The second Earl Gerald of Desmond, in his­tory. was not a very competent military man, and by 1583 his cause was completely lost and he him­self treacherously slain.  The sequel to this disas­trous rebellion was the devastation of Munster by the Elizabethan armies, so that an annalist felt obliged to state that 'the lowing of a cow or the voice of a ploughman could scarcely be heard from Dunquin to Cashel'.  The great affection for the Geraldine family, however, lived on, as did the hope that one of them- would free the country.  There are repeated references to this mystical belief in literature and social documents from the 17th to the 19th centuries. and the legends of Gearoid's enchantment and of his sleeping army are still told.  An alternative telling claims that the enchanted earl rides around Lough Gur on mid-summer night once every seven years.  He is moun­ted on a fine white stallion shod with silver shoes. and when these shoes wear down he will return.  Variants of this corpus of lore have been told for several centuries also concerning the Earls of Kildare (q.v.) and concerning the ONeills and O'Donnells in Ulster and a chieftain called Donall O Donnchu at the Lakes of Killarney.  It is clear that in these cases the corpus has been borrowed from the lore of the Desmond Earl.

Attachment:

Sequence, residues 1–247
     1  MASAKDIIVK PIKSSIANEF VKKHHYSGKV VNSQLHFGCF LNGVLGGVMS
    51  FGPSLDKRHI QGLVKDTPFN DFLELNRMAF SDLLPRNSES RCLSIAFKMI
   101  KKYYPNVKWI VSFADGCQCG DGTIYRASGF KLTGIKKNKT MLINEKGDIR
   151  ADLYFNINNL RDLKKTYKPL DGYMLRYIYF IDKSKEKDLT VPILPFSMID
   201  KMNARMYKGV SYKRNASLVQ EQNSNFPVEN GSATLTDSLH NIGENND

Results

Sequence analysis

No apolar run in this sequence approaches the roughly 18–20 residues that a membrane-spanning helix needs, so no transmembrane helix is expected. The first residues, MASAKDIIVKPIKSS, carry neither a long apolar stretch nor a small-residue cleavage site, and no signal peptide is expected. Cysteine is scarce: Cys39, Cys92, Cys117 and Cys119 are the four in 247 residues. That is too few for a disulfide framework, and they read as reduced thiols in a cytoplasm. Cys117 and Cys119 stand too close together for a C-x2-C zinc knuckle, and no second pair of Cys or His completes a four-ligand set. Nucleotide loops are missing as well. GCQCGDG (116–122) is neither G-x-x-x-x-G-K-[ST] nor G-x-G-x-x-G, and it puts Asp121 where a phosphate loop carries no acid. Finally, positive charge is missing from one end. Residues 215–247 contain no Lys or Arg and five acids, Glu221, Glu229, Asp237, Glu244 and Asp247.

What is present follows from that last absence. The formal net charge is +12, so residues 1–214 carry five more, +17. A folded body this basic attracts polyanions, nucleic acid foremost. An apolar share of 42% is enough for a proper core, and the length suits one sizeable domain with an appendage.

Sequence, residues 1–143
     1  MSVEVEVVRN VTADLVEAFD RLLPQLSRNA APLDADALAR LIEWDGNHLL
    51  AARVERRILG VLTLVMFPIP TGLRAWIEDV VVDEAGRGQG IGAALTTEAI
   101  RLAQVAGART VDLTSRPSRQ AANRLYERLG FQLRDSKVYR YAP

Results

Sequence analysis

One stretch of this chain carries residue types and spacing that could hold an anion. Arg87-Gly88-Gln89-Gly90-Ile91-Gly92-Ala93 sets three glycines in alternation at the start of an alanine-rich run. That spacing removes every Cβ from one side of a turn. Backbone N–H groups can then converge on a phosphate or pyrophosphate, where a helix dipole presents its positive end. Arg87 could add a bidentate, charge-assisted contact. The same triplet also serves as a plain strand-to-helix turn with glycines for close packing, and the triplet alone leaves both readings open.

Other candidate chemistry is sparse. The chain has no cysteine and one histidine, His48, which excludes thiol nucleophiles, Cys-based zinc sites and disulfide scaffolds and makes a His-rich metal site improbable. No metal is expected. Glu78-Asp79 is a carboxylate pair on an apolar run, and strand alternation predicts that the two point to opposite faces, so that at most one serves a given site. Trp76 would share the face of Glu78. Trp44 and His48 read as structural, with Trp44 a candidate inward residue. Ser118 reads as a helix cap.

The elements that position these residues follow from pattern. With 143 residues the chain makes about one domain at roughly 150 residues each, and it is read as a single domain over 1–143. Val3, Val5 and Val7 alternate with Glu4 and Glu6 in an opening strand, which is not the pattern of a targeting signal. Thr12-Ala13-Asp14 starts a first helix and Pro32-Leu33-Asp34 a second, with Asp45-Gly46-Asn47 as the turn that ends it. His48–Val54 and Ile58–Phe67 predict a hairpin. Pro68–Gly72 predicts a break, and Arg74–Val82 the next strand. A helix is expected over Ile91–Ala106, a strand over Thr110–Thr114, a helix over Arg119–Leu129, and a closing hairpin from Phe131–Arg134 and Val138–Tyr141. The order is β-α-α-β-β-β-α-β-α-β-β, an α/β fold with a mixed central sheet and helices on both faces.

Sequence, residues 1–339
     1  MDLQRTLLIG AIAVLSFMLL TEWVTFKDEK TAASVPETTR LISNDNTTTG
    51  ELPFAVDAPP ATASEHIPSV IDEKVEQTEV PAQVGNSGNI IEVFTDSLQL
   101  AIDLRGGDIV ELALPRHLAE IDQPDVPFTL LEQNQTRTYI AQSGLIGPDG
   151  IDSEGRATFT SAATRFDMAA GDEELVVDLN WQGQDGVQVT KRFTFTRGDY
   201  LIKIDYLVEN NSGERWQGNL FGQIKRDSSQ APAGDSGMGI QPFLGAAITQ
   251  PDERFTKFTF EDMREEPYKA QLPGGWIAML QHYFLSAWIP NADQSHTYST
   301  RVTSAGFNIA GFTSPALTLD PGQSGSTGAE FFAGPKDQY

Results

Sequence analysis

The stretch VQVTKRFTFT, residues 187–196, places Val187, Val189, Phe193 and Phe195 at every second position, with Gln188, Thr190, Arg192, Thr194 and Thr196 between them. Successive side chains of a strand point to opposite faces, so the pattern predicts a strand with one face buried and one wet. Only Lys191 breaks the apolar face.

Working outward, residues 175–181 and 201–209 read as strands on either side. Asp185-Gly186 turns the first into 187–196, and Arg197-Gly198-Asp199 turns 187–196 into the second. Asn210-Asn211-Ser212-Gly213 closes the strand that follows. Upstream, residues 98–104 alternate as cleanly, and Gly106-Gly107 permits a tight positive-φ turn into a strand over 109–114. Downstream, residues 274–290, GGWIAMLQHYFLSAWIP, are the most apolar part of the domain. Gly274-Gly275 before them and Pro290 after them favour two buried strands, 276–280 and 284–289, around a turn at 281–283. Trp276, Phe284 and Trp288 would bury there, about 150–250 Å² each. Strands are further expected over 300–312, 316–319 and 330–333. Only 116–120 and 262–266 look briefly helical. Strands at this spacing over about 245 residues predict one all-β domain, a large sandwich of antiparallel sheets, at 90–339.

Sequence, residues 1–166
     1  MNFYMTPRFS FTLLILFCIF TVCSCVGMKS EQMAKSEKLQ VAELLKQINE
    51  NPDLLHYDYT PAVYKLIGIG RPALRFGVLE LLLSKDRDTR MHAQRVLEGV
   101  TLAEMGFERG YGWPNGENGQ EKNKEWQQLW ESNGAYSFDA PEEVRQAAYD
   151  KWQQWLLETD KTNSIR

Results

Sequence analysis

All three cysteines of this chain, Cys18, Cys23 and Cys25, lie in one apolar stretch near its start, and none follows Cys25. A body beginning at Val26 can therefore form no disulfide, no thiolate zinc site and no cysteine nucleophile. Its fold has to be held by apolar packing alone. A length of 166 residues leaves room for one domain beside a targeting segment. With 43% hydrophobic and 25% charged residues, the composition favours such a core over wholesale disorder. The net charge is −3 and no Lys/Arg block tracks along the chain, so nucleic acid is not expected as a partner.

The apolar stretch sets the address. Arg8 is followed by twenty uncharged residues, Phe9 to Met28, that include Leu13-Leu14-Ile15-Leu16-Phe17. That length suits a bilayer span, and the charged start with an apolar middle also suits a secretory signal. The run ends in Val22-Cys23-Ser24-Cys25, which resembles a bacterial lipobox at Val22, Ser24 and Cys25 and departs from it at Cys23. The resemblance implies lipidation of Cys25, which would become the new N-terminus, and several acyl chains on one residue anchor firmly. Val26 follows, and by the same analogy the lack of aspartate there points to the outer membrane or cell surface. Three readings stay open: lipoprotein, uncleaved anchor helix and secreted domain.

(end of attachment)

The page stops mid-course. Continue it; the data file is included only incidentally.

Munster folklore has assimilated other legends of magic and the otherworld to the context of Gearoid larla also.  Two such legends of Continen­tal origin concern his magical practices.  According to one, he, with his kinsman Black David FitzGerald and Donall O Donnchu, learned magic from the devil at a secret school.  The devil deman­ded as payment that one of them should stay with him, but they each told him to 'take the man behind me and he ended up with nothing but the shadow of Donall.  The other legend tells of how Gearoid was riding from his residence at Castle­island in Co Kerry one day, and as he passed through the town a magician looked through a window and put a spell on him.  As a result, the Earl and his horse were sinking into the ground, but Gearoid quickly used his own magic to put a pair of homs growing on the head of his assailant.  The latter could not withdraw his head through the window because of the homs, and Gearoid would not remove the homs until the other spell was also withdrawn.  Several stories tell of Gearoid's appearances, such as visiting a black­smith late at night to have his horse shod (see Donn), or meeting a benighted horse-dealer and inviting him into his castle under the lake to dis­cuss a sale with him.  Gearoid is also reputed to protect the environment at Lough Gur, and other stories tell of how he caused the horse of some local tyrant to bolt, with serious or even fatal injury to its rider, after the latter had planned to drain the lake or forbid access to it by local people.,


Gearoid Mac Niocaill in Studia Hibernica 3, 7-59; Laimhbheartach Mac Cionnaith (1938), 201-6; David Fitzgerald in Revue Celtique 4, 186-99; PAd­raig 0 Siochfhradha (1932), 42-4, 53-4; Daithi 0 hOgain (1985), 78-86, 141-57, 329-30, 335-7 and Bealoideus 42 -44, 213-308 and in Sciobh 4, 234-59.